A Letter from the Friends of Maudslay President

March 15, 2021

Dear Friends of Maudslay,


The snowfall this winter has gifted us hours of fun in the park.  After each storm, the parking lot has filled with snowshoers, cross country skiers, walkers and even bikers, all eager to be the first to blaze a trail through the freshly fallen snow.  But alas, the past few weeks have been more than disappointing as the snow melts, the trails get worn down to mud or packed into icy patches and the terrain is difficult to negotiate.  


But if one can look up from the trails, there is the promise of spring everywhere you look.  The buds on the trees and the bulbs in the ground are beginning to swell, promising the beauty of daffodils, snowdrops and a multitude of other bulbs in April, dogwoods and azaleas in May and rhododendrons and Mountain Laurels in June.  Birds are returning to the park to lay claim to areas for nesting.  Other wildlife are in their mating season, and we are promised glimpses of fawns, kits and pups in the summer months.  In this month of March, after the most difficult year many of us have ever faced, we can feel in our bones that a few short weeks will bring us spring, and all the renewal that it symbolizes.


The Friends of Maudslay Board has been busy during these winter months revising the By-laws, creating a new membership envelope, and fine tuning our new logo.  The Department of Conservation and Recreation is also moving forward with projects that have been in the works for several years.  You will first see your donation dollars at work in the reconstruction of the brick wall in the Italian Gardens.  The project will likely start in the month of April and the estimated date for completion will be June 30.  During that time, the garden will be closed to the public.  When it reopens, the Garden Committee will be hard at work weeding and planting so that there is the usual display of beautiful flowers for the remainder of the summer.  We are currently raising money for a 2:1 partnership match with DCR hoping to fund the remaining wall repair in 2022.  In this phase, we anticipate the repair of the exterior walls of the garden as well as a more historical reconstruction, hoping to replace the urns that were part of the original design and possibly even the beautiful iron gates.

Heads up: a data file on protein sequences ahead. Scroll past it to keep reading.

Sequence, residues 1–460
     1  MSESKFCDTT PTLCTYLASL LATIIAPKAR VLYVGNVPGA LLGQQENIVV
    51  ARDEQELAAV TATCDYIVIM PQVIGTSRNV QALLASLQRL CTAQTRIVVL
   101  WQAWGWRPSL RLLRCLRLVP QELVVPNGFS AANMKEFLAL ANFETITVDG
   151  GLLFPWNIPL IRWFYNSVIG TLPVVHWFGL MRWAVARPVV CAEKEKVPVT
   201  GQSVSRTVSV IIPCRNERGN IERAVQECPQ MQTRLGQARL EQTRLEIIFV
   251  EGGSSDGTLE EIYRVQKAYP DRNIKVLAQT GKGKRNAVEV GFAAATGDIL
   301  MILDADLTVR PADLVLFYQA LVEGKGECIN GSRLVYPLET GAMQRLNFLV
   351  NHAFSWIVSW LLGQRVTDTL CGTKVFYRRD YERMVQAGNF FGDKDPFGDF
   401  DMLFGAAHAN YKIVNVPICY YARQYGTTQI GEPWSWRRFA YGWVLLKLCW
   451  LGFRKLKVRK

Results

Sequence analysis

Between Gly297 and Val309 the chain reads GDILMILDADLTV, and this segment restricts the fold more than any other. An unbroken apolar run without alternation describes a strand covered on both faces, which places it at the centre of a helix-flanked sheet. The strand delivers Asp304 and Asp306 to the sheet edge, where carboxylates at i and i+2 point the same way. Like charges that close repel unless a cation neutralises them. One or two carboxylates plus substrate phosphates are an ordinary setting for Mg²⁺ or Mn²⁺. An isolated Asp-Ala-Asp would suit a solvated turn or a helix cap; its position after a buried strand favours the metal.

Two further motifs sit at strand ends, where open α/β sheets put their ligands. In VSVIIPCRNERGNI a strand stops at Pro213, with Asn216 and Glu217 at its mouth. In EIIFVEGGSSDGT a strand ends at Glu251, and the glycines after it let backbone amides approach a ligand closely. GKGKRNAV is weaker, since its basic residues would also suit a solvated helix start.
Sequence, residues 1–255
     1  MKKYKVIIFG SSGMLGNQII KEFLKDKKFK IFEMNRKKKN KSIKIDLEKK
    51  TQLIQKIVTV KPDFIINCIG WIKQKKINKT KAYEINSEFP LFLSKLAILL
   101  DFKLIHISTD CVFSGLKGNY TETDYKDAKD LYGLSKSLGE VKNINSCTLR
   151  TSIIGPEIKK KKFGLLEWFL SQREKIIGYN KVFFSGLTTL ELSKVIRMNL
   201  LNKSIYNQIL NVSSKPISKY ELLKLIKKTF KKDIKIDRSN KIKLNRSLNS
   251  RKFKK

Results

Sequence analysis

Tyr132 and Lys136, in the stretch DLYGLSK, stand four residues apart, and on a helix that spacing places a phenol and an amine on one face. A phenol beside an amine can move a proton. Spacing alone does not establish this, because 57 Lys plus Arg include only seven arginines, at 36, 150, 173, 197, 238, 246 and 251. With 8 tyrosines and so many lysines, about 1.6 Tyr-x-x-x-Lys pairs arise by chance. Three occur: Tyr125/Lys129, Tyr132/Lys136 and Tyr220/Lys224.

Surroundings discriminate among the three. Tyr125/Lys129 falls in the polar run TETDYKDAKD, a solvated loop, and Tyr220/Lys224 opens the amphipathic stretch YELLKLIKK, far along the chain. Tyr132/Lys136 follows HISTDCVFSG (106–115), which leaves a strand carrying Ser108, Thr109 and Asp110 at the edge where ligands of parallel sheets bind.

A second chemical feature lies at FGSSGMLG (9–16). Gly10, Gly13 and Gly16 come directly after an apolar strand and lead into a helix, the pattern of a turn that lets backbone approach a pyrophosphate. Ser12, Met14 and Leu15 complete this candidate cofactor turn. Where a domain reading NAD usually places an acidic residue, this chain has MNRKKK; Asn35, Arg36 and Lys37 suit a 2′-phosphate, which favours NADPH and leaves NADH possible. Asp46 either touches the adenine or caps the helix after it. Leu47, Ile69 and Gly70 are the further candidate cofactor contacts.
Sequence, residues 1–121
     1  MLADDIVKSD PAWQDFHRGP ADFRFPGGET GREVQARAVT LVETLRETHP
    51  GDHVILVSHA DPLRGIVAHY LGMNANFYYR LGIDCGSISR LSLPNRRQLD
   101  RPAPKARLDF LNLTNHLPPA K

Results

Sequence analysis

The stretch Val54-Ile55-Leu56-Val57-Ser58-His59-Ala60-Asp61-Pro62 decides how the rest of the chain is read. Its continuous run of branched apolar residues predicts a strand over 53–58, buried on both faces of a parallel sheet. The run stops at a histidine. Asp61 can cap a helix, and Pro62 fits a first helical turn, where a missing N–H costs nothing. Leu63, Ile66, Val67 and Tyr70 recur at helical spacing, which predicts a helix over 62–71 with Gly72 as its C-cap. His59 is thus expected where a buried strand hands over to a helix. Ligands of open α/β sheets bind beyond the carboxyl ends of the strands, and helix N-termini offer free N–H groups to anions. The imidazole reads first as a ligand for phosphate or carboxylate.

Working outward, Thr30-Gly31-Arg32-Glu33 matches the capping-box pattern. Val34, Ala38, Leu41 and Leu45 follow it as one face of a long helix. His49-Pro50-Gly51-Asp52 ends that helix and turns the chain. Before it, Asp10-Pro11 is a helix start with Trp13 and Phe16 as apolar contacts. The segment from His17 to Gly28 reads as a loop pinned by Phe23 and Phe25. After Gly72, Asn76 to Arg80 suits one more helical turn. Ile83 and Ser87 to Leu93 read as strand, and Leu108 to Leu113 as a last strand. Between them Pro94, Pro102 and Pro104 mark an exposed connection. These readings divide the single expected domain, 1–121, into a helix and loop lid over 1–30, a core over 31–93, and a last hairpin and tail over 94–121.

Next will come the reconstruction of the dam, which will also be largely funded by Friends of Maudslay membership donations.  The starting date for the dam work is still to be determined.  Any  construction that affects the local wildlife and the Merrimack River is closely monitored and we are awaiting approval from several agencies before work can commence, likely sometime between July and the fall of 2021. Access to the dam section of the pond area will be closed to the public for approximately three months from the start of construction.


Each year at this time we ask you to renew your support for the Friends of Maudslay through your membership donations of any amount - truly any dollar donation is appreciated.  Neither the brick wall reconstruction nor the dam project would be possible without your membership dollars and donations, and you will be able to see the true value of your donations when these jobs are completed in 2021 and 2022.


The Annual Meeting of the Membership will be held on March 25 via Zoom at 6:30 pm.  If, as a member, you are interested in attending the meeting, please send an email to and you will be sent a link to the Zoom meeting a few days before.  At the meeting, members will be voting on the composition of the Board for May 2021 through March 2022.  Nominations will be presented at the meeting.


Thank you again for your support of the Friends of Maudslay.  In the coming year, even more than in most, you will see your donations dollars hard at work, preserving our beautiful park for many generations to come!



Marlys Edwards

President, Friends of Maudslay

Garden Committee Volunteer at Maudslay – Amy King